No one in the world protests quite like us English. It is ether a case of standing firm on a picket line wearing donkey jackets whilst police charge us down on the command of a hated woman of blue, or quiet objections that the rest of the world would find far too subtle to believe it was actually a protest. 

This one however is nether... and I do know what is about before anyone asks.

"A man bought a piece of land from a farmer who had in the past operated the said bit of land as camping/ holiday park of sorts. But after selling the land to the new owner at a very reasonable price he jacked up the price that he wanted to allow the new owner to use his access road.
All was not lost though as the property had a second access point through it's neighbouring  business which was a holiday park. Only problem was that they refused access to as they thought it may damage their business should cars be passing along their access rod all day long. Hence the local council refused any permission to build so much a barbecue on the land."

Brassed off the owner decided to get his own back on both his neighbours by doing this...

As a protest goes this is one of the best I have seen. A field sparsely dotted with coloured old caravans. Pure genius! In fact I now find myself wondering is it a protest or actually large scale installation art.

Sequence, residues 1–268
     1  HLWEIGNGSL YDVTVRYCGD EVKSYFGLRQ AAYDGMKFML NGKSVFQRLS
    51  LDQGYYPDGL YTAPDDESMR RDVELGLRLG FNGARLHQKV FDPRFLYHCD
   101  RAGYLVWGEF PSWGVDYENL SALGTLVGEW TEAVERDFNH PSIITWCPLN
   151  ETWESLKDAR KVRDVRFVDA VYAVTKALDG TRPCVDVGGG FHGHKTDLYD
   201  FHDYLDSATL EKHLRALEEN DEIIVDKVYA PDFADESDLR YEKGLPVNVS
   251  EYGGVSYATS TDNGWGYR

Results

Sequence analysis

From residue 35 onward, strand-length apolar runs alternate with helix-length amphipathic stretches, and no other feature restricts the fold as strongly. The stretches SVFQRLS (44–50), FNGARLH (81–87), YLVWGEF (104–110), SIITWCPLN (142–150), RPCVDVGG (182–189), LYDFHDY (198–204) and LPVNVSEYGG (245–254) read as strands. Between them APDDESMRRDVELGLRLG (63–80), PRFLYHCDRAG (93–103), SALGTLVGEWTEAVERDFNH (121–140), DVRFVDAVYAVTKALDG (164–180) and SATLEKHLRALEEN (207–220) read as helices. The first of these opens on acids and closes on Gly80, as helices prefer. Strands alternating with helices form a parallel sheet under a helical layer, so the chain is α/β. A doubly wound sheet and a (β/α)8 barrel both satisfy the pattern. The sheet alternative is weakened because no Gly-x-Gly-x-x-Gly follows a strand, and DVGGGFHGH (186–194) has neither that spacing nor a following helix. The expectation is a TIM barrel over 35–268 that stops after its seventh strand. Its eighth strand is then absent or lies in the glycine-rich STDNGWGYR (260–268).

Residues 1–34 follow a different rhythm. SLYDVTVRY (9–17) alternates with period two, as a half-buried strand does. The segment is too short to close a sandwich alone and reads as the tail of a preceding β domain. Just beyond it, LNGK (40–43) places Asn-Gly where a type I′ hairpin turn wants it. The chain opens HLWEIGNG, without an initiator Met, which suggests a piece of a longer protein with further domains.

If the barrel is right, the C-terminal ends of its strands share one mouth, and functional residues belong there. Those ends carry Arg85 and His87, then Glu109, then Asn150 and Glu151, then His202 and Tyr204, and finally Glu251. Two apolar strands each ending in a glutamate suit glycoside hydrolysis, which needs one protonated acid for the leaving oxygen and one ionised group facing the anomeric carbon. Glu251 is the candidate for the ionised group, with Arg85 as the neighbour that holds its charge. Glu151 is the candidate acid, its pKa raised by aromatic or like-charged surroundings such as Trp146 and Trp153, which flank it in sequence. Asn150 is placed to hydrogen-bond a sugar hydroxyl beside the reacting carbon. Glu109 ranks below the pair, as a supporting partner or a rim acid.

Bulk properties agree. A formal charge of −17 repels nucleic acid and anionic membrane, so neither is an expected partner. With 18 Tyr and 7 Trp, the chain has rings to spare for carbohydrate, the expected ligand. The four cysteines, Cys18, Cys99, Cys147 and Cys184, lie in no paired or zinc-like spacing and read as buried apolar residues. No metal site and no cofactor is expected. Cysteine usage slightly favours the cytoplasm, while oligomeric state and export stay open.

The field of caravans (or art) is located at the start of a raised path along one of the largest marshes on the south broads, and I have to admit to having never gone any further than the fish-able area of it. But as today was unfish-able it seemed a great opportunity to push on and see what was down this yet unexplored track.

We had not walked fifty feet before we spotted this muntjac deer and her somewhat shyer mate  having an afternoon snack in the field beyond the coloured vans.

A new acquisition to the shallow marshes was this massive old hulk run aground in the silt, where sooner or later it will rot away or be claimed by the reeds.

With more bad weather on the horizon the black clouds above gave an eerie mood amongst the whispering reeds as we tracked the shallow dyke that drained the land.

Two days with little action left me with an air of urgency to again cast upon the waves before I journeyed inland back to the centre of the country away from the sea for the summer.